Art fraud in publishing (?)

December 12th, 2016 by anna-corrine_egermo | Posted in Blog | Comments Off on Art fraud in publishing (?)
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Vincent van Gogh, self-portrait

All publicity is good publicity. What prompted me to reuse this fabulously cliché phrase is the controversy in France over a book with 65 sketches allegedly by Vincent van Gogh. Publisher Editions du Seuil claims that they are previously unknown drawings, while the Van Gogh Museum in Amsterdam claims they are fake. By the sound of it, it is all a lovely mess.

One can imagine that publishers are careful when taking on an art book, especially when it makes a claim of containing previously “lost” sketches and notes. Editions du Seuil is not revealing where this sketchbook came from, but they did get two art historians, and internationally recognised authorities on van Gogh, to write the foreword and text: Bogomila Welsh-Ovcharov and Ronald Pickvance. Nevertheless, experts have been fooled before.

It’s hard not to think of the great Vermeer forger Han van Meegeren, who was only found out because he could not say where the Vermeer he had sold to Hermann Göring originally came from. Perhaps the best part of the story is when van Meegeren’s very first “Vermeer” got the most eminent authority on Dutch baroque art to write that it was a “masterpiece”, and a “wonderful moment in the life of a lover of art”. It is possible that Welsh-Ovcharov and Pickvance had similar revelations.

Hermann Göring’s “Vermeer”. Photo: Croes, Rob C., Fotocollectie Anefo, Nationaal Archief NL.

At the moment, according to The Bookseller, there is still uncertainty as to who is right, but customers has so far preferred to err on the side of caution. Making this the sort of publicity one should like to avoid, unless, it can be publicly proved that the sketches are authentic.

Until it all is resolved I would like to ponder the words of Theodore Rousseau: “We should all realise that we can only talk about the bad forgeries, the ones that have been detected; the good ones are still hanging on the walls.” And perhaps, standing on our bookshelves.


Vincent van Gogh: The Lost Arles Sketchbook can be bought here for $85. If you think that is too much the Book Depository has it for £35.75. Grab a bargain!

Elena Ferrante’s ‘Unmasking’: A Publicity Boost?

October 11th, 2016 by Otieno Owino | Posted in Blog | Comments Off on Elena Ferrante’s ‘Unmasking’: A Publicity Boost?
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ferranteWhen, on Sunday 2nd October, news started trickling in about the Italian author Elena Ferrante’s ‘outing’ it was on Facebook that I first learnt about it. Soon the news spread on Twitter and went viral.

Following a trail of financial transactions by Ferrante’s publisher Edizione e/o, Italian journalist Claudio Gatti presents a strong case that translator Anita Raja has been the beneficiary of the success of Elena’s books, and that she is indeed the author of the critically acclaimed Neapolitan novels among other books. The publisher and Raja have not confirmed or denied this claim.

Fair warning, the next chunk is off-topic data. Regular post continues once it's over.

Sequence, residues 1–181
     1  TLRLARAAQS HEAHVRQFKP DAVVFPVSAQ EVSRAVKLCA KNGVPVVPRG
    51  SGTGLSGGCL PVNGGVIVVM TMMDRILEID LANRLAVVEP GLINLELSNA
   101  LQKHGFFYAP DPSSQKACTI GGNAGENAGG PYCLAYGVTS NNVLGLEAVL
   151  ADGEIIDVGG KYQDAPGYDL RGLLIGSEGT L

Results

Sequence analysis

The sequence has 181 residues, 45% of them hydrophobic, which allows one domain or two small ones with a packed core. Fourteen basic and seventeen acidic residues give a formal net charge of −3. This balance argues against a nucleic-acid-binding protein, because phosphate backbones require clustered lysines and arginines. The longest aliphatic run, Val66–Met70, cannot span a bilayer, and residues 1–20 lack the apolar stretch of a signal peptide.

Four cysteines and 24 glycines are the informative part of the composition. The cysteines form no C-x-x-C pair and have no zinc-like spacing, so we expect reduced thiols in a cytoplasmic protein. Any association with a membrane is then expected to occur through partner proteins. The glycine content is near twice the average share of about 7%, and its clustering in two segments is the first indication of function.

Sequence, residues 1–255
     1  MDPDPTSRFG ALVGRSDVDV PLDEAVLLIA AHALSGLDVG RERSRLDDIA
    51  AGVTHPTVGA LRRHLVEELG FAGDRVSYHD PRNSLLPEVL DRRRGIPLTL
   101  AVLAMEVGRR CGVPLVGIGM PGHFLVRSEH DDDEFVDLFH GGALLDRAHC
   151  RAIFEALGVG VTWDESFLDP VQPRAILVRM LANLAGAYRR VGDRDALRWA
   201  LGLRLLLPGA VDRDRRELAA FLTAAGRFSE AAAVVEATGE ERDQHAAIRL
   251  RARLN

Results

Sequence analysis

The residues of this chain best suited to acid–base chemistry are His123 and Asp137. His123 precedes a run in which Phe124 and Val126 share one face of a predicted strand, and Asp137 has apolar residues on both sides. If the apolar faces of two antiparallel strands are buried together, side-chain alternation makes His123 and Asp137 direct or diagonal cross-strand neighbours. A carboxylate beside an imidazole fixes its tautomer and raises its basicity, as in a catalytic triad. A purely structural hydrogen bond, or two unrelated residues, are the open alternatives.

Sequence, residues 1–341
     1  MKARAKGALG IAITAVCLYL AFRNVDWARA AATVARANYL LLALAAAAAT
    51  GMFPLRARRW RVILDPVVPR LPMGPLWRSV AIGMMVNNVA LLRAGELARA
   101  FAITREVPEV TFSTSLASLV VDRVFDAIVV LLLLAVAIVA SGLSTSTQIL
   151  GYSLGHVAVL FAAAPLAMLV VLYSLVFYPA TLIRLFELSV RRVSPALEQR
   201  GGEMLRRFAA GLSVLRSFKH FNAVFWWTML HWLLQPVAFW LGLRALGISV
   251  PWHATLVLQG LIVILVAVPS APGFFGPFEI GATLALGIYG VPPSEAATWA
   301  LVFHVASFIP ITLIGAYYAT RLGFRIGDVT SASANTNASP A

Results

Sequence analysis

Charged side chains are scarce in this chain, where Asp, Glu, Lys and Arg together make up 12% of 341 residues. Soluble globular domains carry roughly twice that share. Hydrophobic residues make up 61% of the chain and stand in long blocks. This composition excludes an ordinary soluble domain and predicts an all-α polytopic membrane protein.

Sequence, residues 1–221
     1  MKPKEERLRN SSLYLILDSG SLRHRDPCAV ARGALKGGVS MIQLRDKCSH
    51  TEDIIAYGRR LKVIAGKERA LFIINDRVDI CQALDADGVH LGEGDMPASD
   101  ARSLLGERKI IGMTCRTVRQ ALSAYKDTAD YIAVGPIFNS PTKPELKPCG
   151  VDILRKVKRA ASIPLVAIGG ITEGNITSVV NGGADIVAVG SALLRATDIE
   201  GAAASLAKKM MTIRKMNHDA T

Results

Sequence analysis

In this digital age, where writers and readers have become a community, and engagements between the two groups continue to become intimate, I was surprised by the reactions that followed. Deborah Orr commenting on the Guardian said the revelations violated her right to not know, while Aaron Bady, an American critic, questioned the logic of this ‘outing’. Most people in my reader circles were outraged at the sheer intrusion of privacy and the fact that whatever persona Ferrante had chosen to identify herself with was not important but the quality of her work, which many agree is among the best.

Could Ferrante have been an exception? That even in this age, a writer could stay out of social media, blogs, and only offer a few interviews on select mainstream media and still move books? The number of her books sold tell their own story. The success of the Neapolitan novels My Brilliant Friend, The Story of a New Name, Those Who Leave and Those Who Stay, and The Story of the Lost Child have shifted a combined 372,760 copies in the UK according to an article in The Bookseller, which cites Nielsen Bookscan Data.

What a massive boost from a publicity point of view. Online literary magazines such as The New Yorker and LitHub, have picked up the story as well as other major news sites and magazines including the Guardian, New York Times, Independent and the Daily Mail, to name a few. Many readers who would not have heard about Elena Ferrante will by now have heard something about her.

But there could be good news from this after all. According to the Bookseller, retailers say that Ferrante’s ‘unmasking’ may lead to increased sales in books. And perhaps Claudio Gatti will have to find ways of looking into Anita Raja’s financial records again to verify if the figures correspond with increased sales.

By Otieno Owino